I enjoy treasure hunting. As a kid I went through a phase where my favorite toy was a Radio Shack metal detector. When I learned how to scuba dive in college my mind was always on the lost ship full of gold or silver at the bottom of the lake or ocean. Today, as an adult, I am still fascinated with treasure hunting. It represents the opportunity to get something available to anyone just by putting in a little extra work. My passion for this hobby has progressed to online auctions. I search for under photographed or poorly described lots. That is where modern day treasure is often hidden.
Before an auction goes live most companies have a “preview;” this is usually one or two days where potential buyers can come to the auction house (or wherever the merchandise is being held) and look at the items. As I provide an explanation of an “auction preview” now, it should come as no surprise that very few people go to live previews when bidding at online auctions. Instead, we rely on the auctioneer to provide us with quality photos and accurate descriptions of the lots and items for sale. This means that when good photos or descriptions are missing, we adjust the amount we are willing to pay for that item accordingly. A single photo of a lot with the description “Red Chevy” will always get a lower bid than a truck with 7 photos and a description providing details like: make, model, VIN and condition.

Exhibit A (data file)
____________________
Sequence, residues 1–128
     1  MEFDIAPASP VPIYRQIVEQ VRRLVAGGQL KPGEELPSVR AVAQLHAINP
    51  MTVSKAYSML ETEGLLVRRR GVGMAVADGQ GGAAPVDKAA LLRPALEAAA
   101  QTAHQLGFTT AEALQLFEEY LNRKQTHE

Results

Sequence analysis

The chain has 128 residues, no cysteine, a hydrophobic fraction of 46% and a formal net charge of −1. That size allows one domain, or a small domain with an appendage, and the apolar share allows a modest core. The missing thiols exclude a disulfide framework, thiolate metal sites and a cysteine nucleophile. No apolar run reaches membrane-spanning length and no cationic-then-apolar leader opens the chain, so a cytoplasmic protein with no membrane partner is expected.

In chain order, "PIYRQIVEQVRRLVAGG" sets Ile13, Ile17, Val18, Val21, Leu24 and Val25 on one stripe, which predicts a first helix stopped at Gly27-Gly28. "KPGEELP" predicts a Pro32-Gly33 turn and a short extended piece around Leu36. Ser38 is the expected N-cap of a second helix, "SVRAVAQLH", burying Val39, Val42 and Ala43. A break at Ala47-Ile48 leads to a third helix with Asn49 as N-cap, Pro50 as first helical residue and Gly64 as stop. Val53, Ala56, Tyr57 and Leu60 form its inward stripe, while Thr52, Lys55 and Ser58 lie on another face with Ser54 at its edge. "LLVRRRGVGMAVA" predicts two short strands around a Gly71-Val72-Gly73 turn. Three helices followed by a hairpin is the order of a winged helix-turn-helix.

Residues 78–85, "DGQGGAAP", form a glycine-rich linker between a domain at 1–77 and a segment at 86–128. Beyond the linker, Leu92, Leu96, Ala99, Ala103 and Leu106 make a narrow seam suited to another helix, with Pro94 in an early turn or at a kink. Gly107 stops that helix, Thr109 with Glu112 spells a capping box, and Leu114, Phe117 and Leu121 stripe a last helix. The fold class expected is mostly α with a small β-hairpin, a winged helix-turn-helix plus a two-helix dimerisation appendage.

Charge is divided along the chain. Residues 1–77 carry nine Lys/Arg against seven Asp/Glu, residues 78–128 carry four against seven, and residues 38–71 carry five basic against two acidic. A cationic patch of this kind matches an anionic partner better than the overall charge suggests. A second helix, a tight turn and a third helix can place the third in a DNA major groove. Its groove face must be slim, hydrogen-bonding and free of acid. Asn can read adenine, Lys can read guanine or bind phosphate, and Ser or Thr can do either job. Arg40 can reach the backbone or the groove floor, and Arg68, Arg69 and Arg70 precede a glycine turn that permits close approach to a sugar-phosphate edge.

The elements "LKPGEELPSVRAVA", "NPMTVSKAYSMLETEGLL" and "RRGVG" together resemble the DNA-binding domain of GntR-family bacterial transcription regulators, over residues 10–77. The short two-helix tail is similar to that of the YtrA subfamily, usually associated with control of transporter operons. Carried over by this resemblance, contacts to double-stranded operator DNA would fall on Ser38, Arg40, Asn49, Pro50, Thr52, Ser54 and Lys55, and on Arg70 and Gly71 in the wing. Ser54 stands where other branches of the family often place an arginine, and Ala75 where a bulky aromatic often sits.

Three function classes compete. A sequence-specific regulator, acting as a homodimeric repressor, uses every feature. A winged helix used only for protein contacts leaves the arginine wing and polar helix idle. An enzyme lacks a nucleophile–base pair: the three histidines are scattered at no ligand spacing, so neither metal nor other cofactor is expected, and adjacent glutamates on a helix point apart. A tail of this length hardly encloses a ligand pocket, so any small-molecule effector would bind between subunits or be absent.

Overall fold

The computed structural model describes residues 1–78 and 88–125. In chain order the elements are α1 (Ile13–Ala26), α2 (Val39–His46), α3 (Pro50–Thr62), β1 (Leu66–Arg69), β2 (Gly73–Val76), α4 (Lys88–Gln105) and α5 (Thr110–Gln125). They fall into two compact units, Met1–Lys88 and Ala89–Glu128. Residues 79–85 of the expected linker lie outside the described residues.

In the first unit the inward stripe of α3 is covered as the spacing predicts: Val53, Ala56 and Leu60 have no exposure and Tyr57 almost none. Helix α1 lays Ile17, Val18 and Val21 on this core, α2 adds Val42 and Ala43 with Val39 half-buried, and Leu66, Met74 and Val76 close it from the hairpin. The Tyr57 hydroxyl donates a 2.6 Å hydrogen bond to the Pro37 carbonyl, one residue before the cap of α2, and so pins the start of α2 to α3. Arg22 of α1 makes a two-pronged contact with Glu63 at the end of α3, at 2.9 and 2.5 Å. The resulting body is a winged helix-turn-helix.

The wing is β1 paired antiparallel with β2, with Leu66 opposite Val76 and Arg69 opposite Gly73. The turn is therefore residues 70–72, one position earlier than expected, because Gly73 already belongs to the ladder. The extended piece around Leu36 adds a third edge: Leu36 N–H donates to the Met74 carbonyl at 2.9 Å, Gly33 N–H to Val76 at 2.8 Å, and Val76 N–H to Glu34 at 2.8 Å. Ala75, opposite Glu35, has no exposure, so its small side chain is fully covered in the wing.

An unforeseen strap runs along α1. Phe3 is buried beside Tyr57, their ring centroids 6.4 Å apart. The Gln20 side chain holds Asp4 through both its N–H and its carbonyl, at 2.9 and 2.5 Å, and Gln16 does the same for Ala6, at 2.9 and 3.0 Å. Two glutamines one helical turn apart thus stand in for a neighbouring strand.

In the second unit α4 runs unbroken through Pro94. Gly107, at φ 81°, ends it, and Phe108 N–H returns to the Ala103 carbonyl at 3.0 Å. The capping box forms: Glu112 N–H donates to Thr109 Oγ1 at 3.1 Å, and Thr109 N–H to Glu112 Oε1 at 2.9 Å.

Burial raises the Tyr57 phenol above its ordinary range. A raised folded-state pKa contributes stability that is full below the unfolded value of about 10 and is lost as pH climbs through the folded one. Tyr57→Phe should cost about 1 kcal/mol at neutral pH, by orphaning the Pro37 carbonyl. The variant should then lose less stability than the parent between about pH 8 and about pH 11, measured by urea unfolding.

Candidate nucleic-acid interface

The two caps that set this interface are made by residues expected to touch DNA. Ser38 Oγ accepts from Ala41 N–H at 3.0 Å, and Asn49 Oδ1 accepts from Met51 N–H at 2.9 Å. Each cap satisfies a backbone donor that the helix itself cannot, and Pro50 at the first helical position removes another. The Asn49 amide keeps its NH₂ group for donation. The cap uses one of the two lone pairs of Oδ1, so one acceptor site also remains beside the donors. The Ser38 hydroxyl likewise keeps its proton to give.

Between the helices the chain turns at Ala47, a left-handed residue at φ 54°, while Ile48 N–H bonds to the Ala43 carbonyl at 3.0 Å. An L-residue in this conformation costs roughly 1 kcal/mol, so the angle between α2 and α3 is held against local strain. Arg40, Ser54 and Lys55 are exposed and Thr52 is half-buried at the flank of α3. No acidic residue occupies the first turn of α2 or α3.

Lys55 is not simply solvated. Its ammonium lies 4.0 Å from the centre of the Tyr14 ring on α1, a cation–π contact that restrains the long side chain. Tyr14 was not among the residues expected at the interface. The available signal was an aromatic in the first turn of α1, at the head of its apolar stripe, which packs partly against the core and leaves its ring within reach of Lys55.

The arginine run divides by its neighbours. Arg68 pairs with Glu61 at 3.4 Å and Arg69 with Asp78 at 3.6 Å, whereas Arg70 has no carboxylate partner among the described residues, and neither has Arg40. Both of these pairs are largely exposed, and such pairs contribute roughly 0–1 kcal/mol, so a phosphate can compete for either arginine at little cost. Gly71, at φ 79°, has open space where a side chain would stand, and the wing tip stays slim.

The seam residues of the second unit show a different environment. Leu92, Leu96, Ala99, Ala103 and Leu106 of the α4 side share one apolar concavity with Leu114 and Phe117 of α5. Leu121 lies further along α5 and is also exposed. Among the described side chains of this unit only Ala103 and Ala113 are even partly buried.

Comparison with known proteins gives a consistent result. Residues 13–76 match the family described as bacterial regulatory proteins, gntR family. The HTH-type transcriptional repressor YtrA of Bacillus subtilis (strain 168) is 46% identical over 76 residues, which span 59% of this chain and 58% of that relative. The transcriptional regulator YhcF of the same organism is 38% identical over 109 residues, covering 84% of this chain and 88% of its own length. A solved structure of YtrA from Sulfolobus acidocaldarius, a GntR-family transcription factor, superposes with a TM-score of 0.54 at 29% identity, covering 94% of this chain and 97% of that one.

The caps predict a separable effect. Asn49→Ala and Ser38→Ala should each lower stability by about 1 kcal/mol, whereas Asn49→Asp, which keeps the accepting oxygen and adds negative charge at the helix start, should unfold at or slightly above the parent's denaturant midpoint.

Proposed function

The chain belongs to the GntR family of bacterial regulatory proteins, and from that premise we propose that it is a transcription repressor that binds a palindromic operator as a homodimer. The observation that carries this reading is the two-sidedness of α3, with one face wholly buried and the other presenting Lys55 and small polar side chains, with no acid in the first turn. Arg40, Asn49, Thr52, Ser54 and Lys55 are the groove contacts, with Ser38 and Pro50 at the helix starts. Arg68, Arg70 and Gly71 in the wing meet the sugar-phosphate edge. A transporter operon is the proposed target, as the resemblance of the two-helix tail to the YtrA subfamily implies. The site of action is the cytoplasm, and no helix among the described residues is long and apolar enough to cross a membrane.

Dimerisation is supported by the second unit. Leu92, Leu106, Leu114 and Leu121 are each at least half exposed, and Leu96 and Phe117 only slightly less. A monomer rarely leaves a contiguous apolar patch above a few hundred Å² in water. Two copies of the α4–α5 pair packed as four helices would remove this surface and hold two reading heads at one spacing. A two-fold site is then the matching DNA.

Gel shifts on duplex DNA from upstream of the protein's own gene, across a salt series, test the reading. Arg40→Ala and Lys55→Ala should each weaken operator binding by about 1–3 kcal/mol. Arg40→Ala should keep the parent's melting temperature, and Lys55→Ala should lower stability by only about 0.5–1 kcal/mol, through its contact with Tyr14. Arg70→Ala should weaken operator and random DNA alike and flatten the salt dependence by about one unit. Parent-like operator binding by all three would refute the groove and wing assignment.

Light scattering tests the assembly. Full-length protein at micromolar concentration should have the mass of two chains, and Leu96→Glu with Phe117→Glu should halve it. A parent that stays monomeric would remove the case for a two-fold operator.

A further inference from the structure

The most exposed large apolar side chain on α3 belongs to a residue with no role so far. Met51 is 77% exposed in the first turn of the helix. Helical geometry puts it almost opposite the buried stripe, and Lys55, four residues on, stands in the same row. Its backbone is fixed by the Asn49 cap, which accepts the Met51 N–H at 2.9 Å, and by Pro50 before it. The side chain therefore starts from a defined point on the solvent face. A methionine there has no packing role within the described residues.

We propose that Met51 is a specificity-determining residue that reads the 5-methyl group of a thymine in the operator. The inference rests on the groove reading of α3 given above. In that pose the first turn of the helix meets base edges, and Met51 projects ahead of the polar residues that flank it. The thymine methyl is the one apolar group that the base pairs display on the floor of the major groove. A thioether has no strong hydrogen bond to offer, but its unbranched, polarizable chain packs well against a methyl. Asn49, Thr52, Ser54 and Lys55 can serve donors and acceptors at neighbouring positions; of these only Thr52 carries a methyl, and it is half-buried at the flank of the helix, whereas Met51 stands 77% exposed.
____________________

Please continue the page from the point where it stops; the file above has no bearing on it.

Recently I purchased four Lista cabinets from a large manufacturing company. The description for each lot was “cabinet and contents” and there was a single photo of the outside of each cabinet. I drove 7 hours (one way) to personally preview these cabinets on my gut feeling there might be treasure. They were full of tooling. I mean full of tooling. The tooling alone is worth many times more than what I ultimately paid for the cabinets. The cabinets I purchased sold for a very small premium over similar empty cabinets. This leads me to believe that most of the potential buyers of the Lista cabinets I bought did not know what was inside of them.
If the auctioneer had taken a few more photos, written a slightly more comprehensive description of the cabinets and their contents, my treasure hunt would have never started. As a buyer I am very happy, but as an auctioneer I’m disappointed. As auctioneers, we need to do a better job of presenting accurate descriptions and photos online. A little more effort, along with better tools, would lead to higher returns for our customers.
The hunt continues for me. I am always looking for the next opportunity. Most people look for the real diamond mixed in with the costume jewelry or the rare painting behind Dogs Playing Poker. I just open drawers and look inside. Bid high, bid often—just don’t bid against me.
By Russ Hilk Co-Founder Wavebid